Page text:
The Potential for Worldwide Crop Production Increase Due to Adoption of Pesticides Rice, Wheat & Maize. Leonard P. Gianessi March 2013 (Revised)

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1 Crop Protection Research Institute The Potential for Worldwide Crop Production Increase Due to Adoption of Pesticides Rice, Wheat & Maize Leonard P. Gianessi March 2013 (Revised) CropLife Foundation th Street, NW #400 Washington, DC

2 Executive Summary This report estimates the increase in worldwide production of rice, wheat and maize that would result from a universal adoption of pesticides to control weeds, insects, and disease pathogens. The starting point for the study is a set of regional estimates by Oerke of the potential losses to pests for maize, rice and wheat assuming no control. Next, a simulation is made of the crop losses that would occur following universal adoption of pesticides for each crop, region and pest category. This simulation is based on estimates of the control efficacies of pesticides for each crop, region and pest category. An example of this calculation: a region has a potential yield loss of 50% and there is a pesticide option that would reduce the pest damage by 90%. Thus, the yield loss remaining following universal adoption of the pesticide would be 5%.Oerke has also made estimates of the actual crop losses that are occurring today based on an assessment of the extent and effectiveness of currently-applied controls. These actual crop loss estimates are compared to the simulated loss estimates assuming universal adoption of pesticides to determine the decrease in current losses that would occur with universal pesticide adoption. Thus, in the example, the current losses could be 12% which means that the reduction in losses from full adoption would be 7%. The gain in production as a result of full adoption is equal to the reduction in losses. Thus, the region is estimated to gain 7% in production as a result of reducing losses from 12% to 5%. Application of this methodology suggests that worldwide universal adoption of pesticides for controlling weeds, insects, and disease pathogens would result in production gains as follows: Rice 26% (172 million tons) Wheat 18% (117 million tons) Maize 18% (145 million tons) 2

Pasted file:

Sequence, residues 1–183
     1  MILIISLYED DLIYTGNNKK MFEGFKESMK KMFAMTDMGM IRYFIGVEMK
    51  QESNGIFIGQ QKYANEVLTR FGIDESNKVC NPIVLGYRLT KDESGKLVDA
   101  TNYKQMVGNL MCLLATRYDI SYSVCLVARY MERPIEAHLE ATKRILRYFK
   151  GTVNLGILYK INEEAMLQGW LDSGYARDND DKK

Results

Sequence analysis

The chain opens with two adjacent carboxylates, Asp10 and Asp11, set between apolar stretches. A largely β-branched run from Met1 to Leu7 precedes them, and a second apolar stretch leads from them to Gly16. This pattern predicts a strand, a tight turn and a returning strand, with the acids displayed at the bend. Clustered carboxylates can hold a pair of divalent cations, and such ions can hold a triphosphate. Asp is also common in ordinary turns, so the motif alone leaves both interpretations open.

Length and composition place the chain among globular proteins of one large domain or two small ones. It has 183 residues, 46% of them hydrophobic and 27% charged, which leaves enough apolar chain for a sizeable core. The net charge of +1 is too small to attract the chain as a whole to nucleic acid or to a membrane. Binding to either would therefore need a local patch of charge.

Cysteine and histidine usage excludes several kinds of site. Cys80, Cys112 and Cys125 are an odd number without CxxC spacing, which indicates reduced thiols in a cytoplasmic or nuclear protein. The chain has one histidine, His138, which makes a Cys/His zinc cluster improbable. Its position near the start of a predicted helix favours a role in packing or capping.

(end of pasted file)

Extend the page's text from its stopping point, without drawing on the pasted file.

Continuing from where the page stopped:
3 RICE A considerable amount of research has been undertaken to estimate current rice production losses due to pests. One recent Study estimated that between 120 and 200 million tons of grain yield are lost yearly to pests (insects/diseases/weeds) in rice fields in tropical Asia [1]. The mean region-wide yield loss was estimated at 37.2% [2]. Yield losses were estimated for individual pests and were combined into one mean profile which was less than additive due to synergies between the individual pests. In this Study weeds were the first and main constraint (Table 1) [2]. A recent IRRI evaluation was that diseases cause 15% rice grain yield reductions under the current contexts of both crop production and disease management [3]. In China, sheath blight is estimated to cause a yield loss of 6 million tons of rice per year [22]. A recent Report from Africa estimates that 2.3 million tons of rice are lost annually due to weed infestations (15% of total production) [8]. In India annual losses of rice due to weeds have been estimated at 15 million tons[13]. Recent estimates for China are that approximately 10 million tons of rice are lost to weeds (5% of total production) while 6 million tons are lost due to sheath blight (3%) [4][5]. In a Study of a rice production zone of the Yunnan plateau, researchers estimated current yield losses at 13% based on an evaluation of 11 separate injuries caused by insects, diseases, and weeds (Table 2) [6]. The researchers note that their estimate is well below the commonly cited estimate of 37.2% and attribute much of the discrepancy to weeds noting that weeds are controlled to a large extent with herbicides and handweeding [6]. Worldwide estimates of actual rice crop production losses in were estimated at 10.2% for weeds, 15.1% for animal pests (mostly insects), 10.8% for pathogens and 1.4% for viruses [7]. Total actual rice production loss for the world due to pests was estimated at 37.4% [7]. Table 3 displays the loss estimates by region [12]. The loss estimates for are lower than previous estimates for which totaled at 52% of total worldwide rice production lost to pests (Table 4) [7][9]. The reductions in estimated losses were the result of new information (cited above) [1]. A major factor in the downward revision was the significant increase in the use of pesticides in rice fields in Asia and Latin America [10]. Research has shown a significant and positive link between herbicide, insecticide and fungicide use and higher yields of rice [11]. Estimates have been made of the potential yield losses in rice production by region if no measures are used to manage pests [12]. These estimates are shown in Table 5.The potential worldwide loss in rice production from uncontrolled pests totals 77.03% which implies that current control measures prevent 51% of the potential loss from occurring (Table 3/Table 5). Reductions in potential losses are highest in regions like East Asia (76% to 26%) where control measures have been widely adopted and lowest in regions like West Africa (79% to 51%) where they have not been widely adopted. Current control measures include a combination of chemical and non-chemical techniques. For example, worldwide potential rice yield loss to weeds (37%) (Table 5) have been reduced to 9% (Table 3) through the use of herbicides and handweeding. The potential for a complete adoption of chemical controls to further reduce yield losses due to pests depends on the efficacy of the chemical control products against the major pest species in the region. 3